Industrial relations implications of the liberalisation of the UK electricity sector
In November 2000, the European-level social partners in the electricity sector agreed a joint declaration on maintaining a "partnership approach" to restructuring in the context of the increasing liberalisation of the European energy market. Given the advanced state of the liberalisation of the electricity sector in the UK, this feature reviews how restructuring has developed and the impact it has had on industrial relations.
The UK led the way in the deregulation of the energy sector, a process that has now spread throughout Europe. In 1999 the first phase of the creation of the "European internal market" in electricity was completed. Under Directive 96/92/EC, Member States were required to open up 25% of the national market in electricity provision to competition, with this share planned to expand in the future. In a communication responding to the recommendations of the March 2000 Lisbon European Council (EU0004241F), the European Commission declared that it would take into account social aspects when presenting concrete proposals for the acceleration of liberalisation in the European energy market.
A recent study for the European Commission showed that 250,000 jobs were lost in the EU electricity sector between 1990 and 1998, but that restructuring had taken place in a socially responsible way. The European-level social partners in the electricity sector (EU9902151F) expect further reductions in the number of jobs to occur as a result of competition. On 27 November 2000, EURELECTRIC, on the employers' side, and the European Federation of Public Service Unions (EPSU) and the European Mine, Chemical and Energy Workers' Federation (EMCEF) representing employees, agreed a joint declaration on maintaining a "partnership approach" to restructuring.
Interest in "partnership" has grown considerably in recent years in the UK, especially in the privatised utilities (UK9907214F). A common feature of a partnership approach is management guarantees about job security in return for unions accepting greater flexibility (UK9910135F). Given the advanced state of UK energy liberalisation, this feature reviews how restructuring has developed in the sector and the impact it has had on industrial relations. It is based on interviews conducted by the authors with employer and trade union representatives as part of a European Foundation for the Improvement of Living and Working Conditions research project on "pacts for employment and competitiveness" (PECs) (IT0003265F).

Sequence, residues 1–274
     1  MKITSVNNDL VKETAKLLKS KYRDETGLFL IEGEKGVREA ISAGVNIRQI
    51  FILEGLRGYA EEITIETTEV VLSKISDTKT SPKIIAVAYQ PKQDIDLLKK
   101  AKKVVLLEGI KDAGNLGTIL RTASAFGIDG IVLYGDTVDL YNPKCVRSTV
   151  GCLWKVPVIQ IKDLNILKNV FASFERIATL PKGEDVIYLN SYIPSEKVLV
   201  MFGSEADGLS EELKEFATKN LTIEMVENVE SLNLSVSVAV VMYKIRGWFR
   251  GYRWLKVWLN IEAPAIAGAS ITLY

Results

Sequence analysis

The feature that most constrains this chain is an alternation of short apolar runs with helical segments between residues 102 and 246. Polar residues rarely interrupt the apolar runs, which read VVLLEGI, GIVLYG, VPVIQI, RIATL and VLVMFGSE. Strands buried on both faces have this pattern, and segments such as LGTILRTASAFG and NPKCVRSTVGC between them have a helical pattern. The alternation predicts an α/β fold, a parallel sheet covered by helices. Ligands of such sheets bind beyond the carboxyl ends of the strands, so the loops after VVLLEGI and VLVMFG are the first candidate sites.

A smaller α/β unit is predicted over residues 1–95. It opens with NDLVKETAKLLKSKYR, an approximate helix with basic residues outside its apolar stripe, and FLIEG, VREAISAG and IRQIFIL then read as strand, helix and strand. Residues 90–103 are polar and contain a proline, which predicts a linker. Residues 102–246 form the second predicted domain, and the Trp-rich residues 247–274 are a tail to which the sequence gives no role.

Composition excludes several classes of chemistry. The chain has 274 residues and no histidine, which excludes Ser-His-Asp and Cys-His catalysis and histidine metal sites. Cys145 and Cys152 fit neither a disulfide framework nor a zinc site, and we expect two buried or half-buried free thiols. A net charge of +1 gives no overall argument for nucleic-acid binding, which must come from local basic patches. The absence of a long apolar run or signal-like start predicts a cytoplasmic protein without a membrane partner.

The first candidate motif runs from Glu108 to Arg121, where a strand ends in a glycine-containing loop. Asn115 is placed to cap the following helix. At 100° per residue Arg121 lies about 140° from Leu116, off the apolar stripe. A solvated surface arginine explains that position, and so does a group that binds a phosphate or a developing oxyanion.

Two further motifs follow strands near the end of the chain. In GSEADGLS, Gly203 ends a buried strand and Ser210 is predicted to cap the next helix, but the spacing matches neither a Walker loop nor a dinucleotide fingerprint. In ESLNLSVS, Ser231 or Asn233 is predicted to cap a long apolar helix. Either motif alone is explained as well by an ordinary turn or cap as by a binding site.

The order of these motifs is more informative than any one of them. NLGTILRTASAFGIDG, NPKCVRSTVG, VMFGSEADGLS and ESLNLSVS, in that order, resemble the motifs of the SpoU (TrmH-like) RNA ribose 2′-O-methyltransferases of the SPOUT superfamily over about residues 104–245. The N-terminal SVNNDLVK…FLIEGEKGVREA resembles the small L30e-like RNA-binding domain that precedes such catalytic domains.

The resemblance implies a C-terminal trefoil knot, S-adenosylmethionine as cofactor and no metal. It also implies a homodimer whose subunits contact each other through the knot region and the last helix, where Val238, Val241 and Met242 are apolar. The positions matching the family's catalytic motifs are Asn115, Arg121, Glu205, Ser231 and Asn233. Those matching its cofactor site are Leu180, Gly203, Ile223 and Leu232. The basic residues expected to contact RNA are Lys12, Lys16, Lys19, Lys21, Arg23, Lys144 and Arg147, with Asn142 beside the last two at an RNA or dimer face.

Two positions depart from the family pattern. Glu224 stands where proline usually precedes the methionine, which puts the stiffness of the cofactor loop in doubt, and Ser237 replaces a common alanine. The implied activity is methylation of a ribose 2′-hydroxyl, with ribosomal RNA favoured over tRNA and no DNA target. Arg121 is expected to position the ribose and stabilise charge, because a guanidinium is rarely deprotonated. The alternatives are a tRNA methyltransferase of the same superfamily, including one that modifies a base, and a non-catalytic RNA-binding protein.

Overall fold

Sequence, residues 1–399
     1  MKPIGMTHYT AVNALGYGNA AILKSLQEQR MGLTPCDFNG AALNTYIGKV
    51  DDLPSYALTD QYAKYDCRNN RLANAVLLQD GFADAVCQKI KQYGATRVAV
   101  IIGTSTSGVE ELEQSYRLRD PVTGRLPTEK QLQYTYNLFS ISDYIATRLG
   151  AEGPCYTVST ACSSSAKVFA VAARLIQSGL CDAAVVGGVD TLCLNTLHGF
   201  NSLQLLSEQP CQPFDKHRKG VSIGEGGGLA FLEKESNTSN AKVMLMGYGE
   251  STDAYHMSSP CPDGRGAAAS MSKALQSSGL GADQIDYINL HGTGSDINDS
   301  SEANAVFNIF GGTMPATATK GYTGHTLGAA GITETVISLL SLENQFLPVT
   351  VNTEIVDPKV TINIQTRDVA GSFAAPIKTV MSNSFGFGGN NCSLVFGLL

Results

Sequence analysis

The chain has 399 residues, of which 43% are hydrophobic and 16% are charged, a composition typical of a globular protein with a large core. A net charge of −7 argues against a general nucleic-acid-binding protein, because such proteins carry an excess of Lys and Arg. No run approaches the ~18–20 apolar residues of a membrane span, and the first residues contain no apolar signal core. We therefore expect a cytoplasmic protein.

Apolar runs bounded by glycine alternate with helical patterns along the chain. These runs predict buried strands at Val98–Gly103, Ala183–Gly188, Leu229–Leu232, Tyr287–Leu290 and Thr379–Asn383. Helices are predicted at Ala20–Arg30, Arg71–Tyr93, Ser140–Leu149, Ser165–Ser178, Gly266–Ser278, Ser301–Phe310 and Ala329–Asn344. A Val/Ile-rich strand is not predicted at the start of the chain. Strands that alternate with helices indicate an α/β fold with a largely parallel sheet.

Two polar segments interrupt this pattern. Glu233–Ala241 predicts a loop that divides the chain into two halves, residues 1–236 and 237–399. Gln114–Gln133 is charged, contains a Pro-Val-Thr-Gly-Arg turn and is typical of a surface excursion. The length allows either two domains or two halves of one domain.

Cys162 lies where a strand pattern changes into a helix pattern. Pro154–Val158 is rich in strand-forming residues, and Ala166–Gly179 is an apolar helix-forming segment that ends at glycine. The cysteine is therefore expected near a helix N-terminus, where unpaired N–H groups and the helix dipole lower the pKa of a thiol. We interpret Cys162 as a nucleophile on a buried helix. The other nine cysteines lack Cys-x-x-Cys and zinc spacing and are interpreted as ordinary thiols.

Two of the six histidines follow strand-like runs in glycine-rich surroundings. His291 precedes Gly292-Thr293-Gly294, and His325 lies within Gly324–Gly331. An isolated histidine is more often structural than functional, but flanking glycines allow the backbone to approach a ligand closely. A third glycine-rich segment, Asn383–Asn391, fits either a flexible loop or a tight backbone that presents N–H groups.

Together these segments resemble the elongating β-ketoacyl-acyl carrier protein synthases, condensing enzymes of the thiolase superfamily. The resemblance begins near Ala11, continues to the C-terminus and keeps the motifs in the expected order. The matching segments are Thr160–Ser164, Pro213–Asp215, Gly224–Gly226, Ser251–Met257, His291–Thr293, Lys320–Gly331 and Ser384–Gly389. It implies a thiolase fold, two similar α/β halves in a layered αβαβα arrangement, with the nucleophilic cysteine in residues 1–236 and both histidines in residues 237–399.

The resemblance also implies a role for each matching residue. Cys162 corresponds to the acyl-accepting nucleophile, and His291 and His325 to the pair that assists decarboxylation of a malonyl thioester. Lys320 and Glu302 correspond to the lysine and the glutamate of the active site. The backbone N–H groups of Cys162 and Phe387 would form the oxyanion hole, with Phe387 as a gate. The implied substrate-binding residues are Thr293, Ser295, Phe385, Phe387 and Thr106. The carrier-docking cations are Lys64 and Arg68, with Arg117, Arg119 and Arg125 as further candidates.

The restructuring of the industry
Under state control, the UK electricity industry was organised around a single generating company, the Central Electricity Generating Board (CEGB), and 12 area boards which distributed electricity within specified geographical areas. The CEGB owned the power stations and the "national grid" through which electricity was transported. Its primary concern was output – "keeping the lights on". The importance of maintaining a constant supply of electricity meant that industrial relations were characterised by stability. This was facilitated by extensive consultation and formal procedures for dealing with grievances and disputes. Trade union membership was very high and collective bargaining at national level well established. In general, pay and conditions were relatively good and employment was secure, with staffing reductions carefully managed by central agreement.
The Conservative governments of 1979-97 sought to break up what they perceived to be inefficient state monopolies. In 1990, the electricity industry was split into generation, transmission, distribution and supply, which were then privatised separately. A key part of privatisation was the restructuring of the generating part of the industry. In England and Wales, the CEGB's power stations were split into two fossil-fuel generator companies - National Power, with just over half (52%) of total generating capacity, and PowerGen, which had a third of capacity. The nuclear power stations, which provided 15% of capacity, were privatised later (in 1996) under the name British Energy.
Once privatised, National Power and PowerGen became responsible for the first time to private financial investors and, perhaps even more importantly, were forced to compete for orders. However, in the early years competition was not as strong as the government had hoped: "duopolistic competition" meant that the big two generators retained strong market power to set prices. Recently, however, new entrants in electricity generation have emerged and the "big two" have diversified their operations. Significantly, the government required PowerGen and National Power to divest plant in order to allow them to take over regional electricity companies. Generating capacity has therefore become more dispersed and competitive pressures more pronounced. The generating share of both PowerGen and National Power has now fallen below 15%.
Industrial relations in a period of change
The new commercial environment meant that companies had to reduce costs in order to be competitive and increase shareholder value. Yet cost-cutting had to be managed in a way which not only avoided damaging confrontation with the unions but also allowed management to press ahead with further changes to working practices to increase efficiency. With labour costs a relatively small component of total costs – under 10% – and with profitability high, the generating firms did this partly through steady increases in pay. However, employment levels fell dramatically. Since 1990, PowerGen's workforce has fallen from just over 9,000 to just over 3,000. The workforce at National Power has contracted even more sharply, from 17,000 in 1990 to around 3,000 today. In the main, these reductions were achieved through relatively generous severance terms in the context of policies to avoid compulsory redundancies.